Managing Your Parking By Wandering Around
Historians generally agree his poor leadership skills and the resulting economic turmoil contributed to the genesis of the French Revolution. Eventually, the out-of-touch Louis XVI would be tried for treason, condemned to death, and executed by guillotine.
How does this relate to parking? Louis XVI lost sight of what was important. He neglected the people and, more or less, had no idea what was going on outside the palace. As parking managers, we also occasionally neglect what should be important to us: being in touch with our facilities, employees and customers.
With today’s email-driven, PC-centric management lifestyle, it is not difficult to find ourselves like Louis XVI, having no idea what is going on outside our office. Tom Peters and Robert H. Waterman, authors of the ground-breaking management book “In Search of Excellence,” prescribe the remedy for this: management by wandering around (MBWA).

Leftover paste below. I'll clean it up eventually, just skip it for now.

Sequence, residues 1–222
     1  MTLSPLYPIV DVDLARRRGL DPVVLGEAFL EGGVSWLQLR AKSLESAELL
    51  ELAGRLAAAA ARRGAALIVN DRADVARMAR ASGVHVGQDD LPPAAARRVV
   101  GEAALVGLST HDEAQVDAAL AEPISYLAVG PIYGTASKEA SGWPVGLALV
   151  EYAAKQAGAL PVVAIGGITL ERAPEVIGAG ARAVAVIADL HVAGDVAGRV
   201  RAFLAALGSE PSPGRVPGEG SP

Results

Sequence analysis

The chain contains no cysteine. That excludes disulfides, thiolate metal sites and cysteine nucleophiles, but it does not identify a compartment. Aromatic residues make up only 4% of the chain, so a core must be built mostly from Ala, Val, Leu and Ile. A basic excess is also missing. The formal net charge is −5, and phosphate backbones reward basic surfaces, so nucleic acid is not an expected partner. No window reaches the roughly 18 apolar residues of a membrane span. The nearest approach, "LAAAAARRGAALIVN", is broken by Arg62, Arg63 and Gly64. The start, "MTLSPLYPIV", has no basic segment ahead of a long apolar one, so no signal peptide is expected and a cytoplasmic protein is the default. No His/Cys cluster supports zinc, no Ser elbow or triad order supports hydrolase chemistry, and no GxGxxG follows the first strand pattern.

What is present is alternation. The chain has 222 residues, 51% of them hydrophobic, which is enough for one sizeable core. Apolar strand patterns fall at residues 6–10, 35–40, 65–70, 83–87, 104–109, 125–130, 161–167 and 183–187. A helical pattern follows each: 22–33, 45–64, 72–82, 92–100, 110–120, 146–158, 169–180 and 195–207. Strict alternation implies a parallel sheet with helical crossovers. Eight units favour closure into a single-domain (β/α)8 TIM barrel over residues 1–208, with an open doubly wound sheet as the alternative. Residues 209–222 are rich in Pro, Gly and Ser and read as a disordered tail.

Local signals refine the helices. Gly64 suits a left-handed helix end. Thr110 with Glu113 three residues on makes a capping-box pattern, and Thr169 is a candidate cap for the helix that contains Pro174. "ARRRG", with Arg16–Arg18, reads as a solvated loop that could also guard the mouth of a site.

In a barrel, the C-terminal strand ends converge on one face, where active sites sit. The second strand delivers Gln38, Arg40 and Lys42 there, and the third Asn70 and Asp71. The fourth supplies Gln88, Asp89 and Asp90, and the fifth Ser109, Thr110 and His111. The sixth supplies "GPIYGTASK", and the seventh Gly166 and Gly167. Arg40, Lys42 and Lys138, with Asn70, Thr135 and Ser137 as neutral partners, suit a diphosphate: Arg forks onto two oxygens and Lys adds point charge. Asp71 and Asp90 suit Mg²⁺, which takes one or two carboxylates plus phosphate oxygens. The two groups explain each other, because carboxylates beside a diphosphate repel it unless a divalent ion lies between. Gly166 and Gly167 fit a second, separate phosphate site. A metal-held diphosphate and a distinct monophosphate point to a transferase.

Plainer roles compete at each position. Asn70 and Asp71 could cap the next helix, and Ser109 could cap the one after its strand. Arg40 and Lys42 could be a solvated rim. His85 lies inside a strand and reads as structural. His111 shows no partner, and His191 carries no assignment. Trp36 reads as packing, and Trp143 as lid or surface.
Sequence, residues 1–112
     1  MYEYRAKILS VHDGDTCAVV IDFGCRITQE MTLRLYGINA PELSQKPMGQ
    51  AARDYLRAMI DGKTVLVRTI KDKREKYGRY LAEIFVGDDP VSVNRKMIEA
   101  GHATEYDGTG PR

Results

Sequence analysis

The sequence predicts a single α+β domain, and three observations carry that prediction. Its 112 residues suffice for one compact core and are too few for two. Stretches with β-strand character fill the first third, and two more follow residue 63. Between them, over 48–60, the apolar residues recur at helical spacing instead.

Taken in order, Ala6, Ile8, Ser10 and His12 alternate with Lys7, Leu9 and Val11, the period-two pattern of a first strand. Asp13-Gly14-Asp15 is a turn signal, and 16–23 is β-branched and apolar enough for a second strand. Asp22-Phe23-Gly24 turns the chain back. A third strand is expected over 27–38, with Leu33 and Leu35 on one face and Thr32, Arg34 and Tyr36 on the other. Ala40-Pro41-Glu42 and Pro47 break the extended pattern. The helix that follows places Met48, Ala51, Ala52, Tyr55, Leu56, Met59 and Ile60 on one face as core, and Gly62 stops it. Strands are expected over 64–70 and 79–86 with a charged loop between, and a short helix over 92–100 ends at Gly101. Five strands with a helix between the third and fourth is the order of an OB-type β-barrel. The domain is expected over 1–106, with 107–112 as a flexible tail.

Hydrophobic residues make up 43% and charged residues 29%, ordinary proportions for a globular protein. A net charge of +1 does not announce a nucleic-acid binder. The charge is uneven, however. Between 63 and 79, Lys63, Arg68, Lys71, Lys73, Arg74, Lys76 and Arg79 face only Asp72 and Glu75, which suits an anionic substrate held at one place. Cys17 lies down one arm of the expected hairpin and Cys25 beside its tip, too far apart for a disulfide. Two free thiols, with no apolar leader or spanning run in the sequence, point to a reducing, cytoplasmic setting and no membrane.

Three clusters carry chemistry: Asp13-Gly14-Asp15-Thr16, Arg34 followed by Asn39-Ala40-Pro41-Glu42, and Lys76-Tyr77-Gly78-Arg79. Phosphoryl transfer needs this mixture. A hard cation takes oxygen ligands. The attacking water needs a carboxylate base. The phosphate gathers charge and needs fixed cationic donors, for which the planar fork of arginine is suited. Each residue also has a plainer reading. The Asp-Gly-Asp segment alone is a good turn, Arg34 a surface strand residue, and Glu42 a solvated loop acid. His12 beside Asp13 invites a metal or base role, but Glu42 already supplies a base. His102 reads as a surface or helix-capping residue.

The concept is simple: It refers to a style of business management that involves managers wandering around the workplace, in an unstructured manner, at random to check on employees or equipment or about the status of ongoing work.
Take a look at any successful leader, they said, and you are sure to find some sort of variation of this practice. Even Abraham Lincoln was said to have used this practice successfully by informally and sporadically inspecting the Union Army soldiers during the Civil War.
Parking managers must manage their facilities just as they manage their employees or customer relationships.
I began my parking career just weeks after graduating from management school. I had all the book knowledge on dealing with employees and could even draw a graph of the Hersey-Blanchard Situational Leadership Theory from memory.